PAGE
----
Pattern Theology

BlueprintThe ultra-conservative Churches of Christ have long taught that the proper way to interpret the Bible is by observing the Commands, Examples and Necessary Inferences found in the New Testament. Of equal importance is the principle that the Silence of the Scriptures do not authorize any activity and are therefore prohibitive.  These interpretive rules are often abbreviated as CENI (or CENI-S). Those who adhere to this philosophy see a pattern or blueprint in the New Testament which is supposedly revealed by looking through the lens of CENI-S.

It would take a person who is in outright rebellion against God to deny the validity of the direct commands and statements of the New Testament.  Likewise, necessary inferences (or necessary conclusions) are direct commands or statements in another form.  They are inferred or implied instead of directly stated.  Anything conveyed by necessary inference carries as much weight as something specifically stated.  That is, as long as the inference truly is necessary.  A necessary inference/conclusion is not the best conclusion of many possible conclusions, it is the only conclusion that is possible!  Too often people are quick to call a conclusion “necessary” when in reality it is not.  Great care must be taken to ensure that our logic is rock solid and well tested before we proclaim an inference to be necessary.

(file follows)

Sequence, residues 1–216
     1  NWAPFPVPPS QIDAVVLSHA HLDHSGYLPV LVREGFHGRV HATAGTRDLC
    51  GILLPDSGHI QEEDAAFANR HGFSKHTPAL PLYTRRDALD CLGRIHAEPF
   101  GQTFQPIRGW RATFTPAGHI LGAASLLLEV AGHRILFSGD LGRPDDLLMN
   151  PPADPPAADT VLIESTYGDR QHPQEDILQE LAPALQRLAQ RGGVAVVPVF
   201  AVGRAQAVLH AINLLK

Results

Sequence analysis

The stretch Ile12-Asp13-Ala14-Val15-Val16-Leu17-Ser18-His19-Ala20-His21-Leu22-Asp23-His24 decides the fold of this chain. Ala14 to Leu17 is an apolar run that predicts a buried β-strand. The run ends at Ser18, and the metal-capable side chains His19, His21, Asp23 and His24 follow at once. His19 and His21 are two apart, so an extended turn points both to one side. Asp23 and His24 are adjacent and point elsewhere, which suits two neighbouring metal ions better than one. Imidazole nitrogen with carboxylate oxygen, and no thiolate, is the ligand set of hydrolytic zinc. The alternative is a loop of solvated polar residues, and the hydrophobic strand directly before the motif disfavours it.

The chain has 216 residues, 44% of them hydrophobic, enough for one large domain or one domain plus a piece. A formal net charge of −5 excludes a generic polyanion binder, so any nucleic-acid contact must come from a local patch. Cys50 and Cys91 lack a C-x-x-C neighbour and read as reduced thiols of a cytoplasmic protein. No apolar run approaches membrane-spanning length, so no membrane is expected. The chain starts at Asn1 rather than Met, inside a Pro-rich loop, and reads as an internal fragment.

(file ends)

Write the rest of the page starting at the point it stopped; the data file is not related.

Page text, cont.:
On the other hand,  there is no teaching in the pages of the Bible which require Christians to precisely imitate every action we find recorded in the New Testament.  Nor does the Bible teach that silence is prohibitive (for more information, refer to the articles “Are Approved Examples Binding? (Part 1)“,  “Are Approved Examples Binding? (Part 2)” and “Bible Silence: Permissive or Prohibitive?“).  Regardless, it is affirmed by many that there is a distinct pattern in the New Testament which Christians must follow or risk eternal damnation!

Where is the New Testament Pattern?

Is there really a grand pattern laid out for us in the New Testament?  If so, then one would expect it to be conveyed in a clear and objective fashion. God is the Master Communicator and is infinitely capable of expressing Himself in a way we can understand.  Let’s look at one undeniable “pattern” which God gave in the Old Testament.  In Exodus 12, God gives very specific instructions (a pattern) regarding the celebration of the Passover.

  • God directed when the Passover should be celebrated (10th day of 1st month).
  • One lamb per household is to be eaten.
  • If the household is too small to eat an entire lamb, it is to be shared with the neighbors.
  • The lamb must be without blemish.
  • It was to be a male lamb.
  • It was to be a one year old lamb.
  • The lamb is set aside until the 14th day of the month and then killed.
  • It was to be killed at twilight.
  • Some of the lamb’s blood was to be put on the two doorposts and lintel of each house where the lamb was eaten.
  • It was to be roasted with fire.
  • Unleavened bread and bitter herbs were to be eaten with it.
  • It was not be eaten raw nor boiled in water.
  • None of the lamb was to be left until morning.
  • If anything was left it was to be burned with fire.
  • It was to be eaten in haste.  They were to eat with a belt on their waist, sandals on their feet and a staff in hand, ready for immediate travel.